I looked at other well-designed product landing pages, such as Asana, Algolia, Evernote, Dropbox, to see what they were doing to successfully convert viewers.
I found that most had features, benefits, testimonies, and a last call to action as the main sections of their sites. The most successful ones were ones that highlighted the most important components but led users to seek further information on other pages.
I always think it’s better to think laterally and explore as many solutions as possible as opposed to falling in love with one idea and not deviating from it. I had a lot of inspiration from my benchmarking that I wanted to incorporate and draw from in my final design.
I focused on a storytelling approach in my wireframing that started with introducing the product and led to testimonies from other clients and companies with a final CTA section that allowed viewers to register for the product if they were so inclined.
I focused on one question in my implementation: How can I best simplify the information into digestible and comprehensible sections? Through analyzing my wireframes, I realized that having an individual icon and description for each benefit EasyEvent supplies their user was unnecessary if a list could get the same information across adequately.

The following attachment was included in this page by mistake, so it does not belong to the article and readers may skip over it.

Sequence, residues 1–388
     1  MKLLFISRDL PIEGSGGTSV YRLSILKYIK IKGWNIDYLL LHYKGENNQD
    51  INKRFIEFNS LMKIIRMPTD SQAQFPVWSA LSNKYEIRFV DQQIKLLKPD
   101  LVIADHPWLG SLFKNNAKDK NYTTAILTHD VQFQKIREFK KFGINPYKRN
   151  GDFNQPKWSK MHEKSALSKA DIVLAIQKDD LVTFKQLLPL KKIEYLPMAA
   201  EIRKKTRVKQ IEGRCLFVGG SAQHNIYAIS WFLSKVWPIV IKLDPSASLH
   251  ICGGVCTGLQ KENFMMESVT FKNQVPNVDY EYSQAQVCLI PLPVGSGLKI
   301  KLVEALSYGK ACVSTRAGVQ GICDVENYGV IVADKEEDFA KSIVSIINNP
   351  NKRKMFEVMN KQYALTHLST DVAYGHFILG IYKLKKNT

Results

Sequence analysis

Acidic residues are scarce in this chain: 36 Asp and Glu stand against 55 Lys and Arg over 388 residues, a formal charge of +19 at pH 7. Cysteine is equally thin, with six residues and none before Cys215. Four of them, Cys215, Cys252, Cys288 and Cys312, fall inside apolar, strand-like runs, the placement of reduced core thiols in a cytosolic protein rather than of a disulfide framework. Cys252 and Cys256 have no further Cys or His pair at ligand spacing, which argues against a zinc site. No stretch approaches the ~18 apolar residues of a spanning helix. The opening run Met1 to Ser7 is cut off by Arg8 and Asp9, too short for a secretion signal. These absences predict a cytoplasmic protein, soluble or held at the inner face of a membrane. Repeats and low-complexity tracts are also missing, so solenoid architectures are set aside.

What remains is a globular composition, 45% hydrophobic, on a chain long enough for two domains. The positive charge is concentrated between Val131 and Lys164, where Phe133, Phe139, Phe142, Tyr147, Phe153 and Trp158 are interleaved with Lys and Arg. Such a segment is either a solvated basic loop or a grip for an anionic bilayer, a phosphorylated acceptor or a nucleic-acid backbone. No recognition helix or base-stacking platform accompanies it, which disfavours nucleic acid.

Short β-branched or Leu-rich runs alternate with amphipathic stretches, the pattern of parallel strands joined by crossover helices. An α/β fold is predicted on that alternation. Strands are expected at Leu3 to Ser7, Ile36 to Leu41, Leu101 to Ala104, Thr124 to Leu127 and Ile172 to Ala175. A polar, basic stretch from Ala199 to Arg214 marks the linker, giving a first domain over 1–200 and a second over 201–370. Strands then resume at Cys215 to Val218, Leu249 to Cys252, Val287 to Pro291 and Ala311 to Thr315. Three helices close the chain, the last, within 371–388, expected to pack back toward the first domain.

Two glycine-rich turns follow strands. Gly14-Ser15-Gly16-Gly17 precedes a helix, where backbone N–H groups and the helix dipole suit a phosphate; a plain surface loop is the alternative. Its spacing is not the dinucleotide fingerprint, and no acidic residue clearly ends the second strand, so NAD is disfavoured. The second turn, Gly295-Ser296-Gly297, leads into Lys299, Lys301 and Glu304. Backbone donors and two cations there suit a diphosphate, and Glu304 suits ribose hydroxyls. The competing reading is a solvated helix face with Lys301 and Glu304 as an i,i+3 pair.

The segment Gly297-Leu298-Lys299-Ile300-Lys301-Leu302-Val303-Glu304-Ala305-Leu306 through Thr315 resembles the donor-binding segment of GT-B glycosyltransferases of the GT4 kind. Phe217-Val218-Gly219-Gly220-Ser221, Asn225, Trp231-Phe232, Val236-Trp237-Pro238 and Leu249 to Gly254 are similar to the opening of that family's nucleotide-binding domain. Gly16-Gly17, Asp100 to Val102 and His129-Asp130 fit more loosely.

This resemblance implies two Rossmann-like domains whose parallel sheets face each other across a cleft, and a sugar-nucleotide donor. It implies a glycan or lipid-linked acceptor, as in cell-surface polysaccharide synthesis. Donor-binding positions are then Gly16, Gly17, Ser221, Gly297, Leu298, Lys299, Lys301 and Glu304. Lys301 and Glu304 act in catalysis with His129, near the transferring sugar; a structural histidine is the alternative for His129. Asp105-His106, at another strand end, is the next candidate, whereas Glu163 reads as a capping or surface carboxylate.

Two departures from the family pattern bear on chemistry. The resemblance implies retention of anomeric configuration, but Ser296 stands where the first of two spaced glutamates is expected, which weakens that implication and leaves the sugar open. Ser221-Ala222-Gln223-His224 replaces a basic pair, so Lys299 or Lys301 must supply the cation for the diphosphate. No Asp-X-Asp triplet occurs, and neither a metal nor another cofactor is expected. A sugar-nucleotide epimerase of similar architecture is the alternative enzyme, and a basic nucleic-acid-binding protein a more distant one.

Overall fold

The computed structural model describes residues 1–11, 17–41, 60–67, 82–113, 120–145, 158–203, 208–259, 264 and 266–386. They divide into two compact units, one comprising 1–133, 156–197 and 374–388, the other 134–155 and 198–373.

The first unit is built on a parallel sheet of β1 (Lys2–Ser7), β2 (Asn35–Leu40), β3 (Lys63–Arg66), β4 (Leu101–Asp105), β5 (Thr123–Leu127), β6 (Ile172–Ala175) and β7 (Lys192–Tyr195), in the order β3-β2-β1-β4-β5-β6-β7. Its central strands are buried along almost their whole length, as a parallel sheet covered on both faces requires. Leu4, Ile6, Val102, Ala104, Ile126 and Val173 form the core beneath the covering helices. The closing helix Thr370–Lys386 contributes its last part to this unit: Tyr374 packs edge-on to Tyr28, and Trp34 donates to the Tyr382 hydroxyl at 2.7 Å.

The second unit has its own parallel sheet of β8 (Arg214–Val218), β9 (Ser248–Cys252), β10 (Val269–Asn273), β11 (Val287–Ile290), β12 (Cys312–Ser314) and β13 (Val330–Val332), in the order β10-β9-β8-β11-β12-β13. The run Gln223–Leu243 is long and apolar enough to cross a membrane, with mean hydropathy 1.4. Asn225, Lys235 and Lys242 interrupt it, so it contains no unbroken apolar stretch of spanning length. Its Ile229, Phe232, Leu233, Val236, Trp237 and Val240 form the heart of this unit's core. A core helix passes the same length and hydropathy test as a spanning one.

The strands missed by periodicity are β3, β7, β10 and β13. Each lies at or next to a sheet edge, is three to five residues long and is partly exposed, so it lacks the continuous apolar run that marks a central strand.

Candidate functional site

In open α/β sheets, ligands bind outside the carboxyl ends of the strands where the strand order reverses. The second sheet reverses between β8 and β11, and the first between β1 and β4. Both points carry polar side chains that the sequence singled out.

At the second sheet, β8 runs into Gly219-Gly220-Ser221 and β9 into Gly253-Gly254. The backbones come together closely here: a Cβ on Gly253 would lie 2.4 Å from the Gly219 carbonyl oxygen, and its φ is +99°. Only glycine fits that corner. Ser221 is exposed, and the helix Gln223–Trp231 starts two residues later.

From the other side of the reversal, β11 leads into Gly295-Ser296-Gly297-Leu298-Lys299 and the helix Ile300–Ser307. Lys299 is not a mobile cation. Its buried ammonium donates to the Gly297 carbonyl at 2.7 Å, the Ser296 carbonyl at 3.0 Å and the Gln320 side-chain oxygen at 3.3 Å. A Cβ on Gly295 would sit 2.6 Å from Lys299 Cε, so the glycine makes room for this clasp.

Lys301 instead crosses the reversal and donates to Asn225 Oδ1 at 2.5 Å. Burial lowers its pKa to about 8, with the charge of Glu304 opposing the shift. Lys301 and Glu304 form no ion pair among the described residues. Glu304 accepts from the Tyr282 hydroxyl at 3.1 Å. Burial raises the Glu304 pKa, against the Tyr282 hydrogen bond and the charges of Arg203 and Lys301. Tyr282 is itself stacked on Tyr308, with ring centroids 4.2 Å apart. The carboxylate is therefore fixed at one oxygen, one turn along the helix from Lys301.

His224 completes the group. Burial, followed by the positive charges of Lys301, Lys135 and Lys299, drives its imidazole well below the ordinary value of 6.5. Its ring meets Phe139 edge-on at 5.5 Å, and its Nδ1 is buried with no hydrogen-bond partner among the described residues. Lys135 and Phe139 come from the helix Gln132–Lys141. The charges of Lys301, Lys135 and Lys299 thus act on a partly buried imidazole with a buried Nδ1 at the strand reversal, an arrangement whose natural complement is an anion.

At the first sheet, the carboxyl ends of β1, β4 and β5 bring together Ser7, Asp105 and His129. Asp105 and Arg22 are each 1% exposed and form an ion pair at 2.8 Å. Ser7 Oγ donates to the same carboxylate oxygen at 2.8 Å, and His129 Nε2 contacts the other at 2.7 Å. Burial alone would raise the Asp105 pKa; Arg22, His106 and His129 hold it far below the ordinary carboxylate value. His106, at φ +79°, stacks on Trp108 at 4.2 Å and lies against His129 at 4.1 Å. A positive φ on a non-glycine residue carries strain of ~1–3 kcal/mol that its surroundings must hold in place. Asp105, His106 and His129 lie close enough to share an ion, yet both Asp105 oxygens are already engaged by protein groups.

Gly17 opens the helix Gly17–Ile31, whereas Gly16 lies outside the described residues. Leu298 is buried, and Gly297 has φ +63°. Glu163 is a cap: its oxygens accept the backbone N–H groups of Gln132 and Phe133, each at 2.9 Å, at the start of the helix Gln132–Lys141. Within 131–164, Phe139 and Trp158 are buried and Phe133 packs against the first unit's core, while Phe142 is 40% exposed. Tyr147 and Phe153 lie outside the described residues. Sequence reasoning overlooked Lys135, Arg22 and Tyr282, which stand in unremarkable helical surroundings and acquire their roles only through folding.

Therefore, once I started designing, I condensed the information down into two lists (featured below) that could supply a mental checkmark in the viewer’s mind.
In my benchmarking, I discovered just how large a trend gradients were. 83 pecent of the sites I looked at used gradients as their main source of adding colour to the landing pages.
Another noticeable pattern was the use of sans-serifs, I went with one of the best & widely used sans-serif fonts out there: Gotham (sorry Helvetica, you have been dethroned).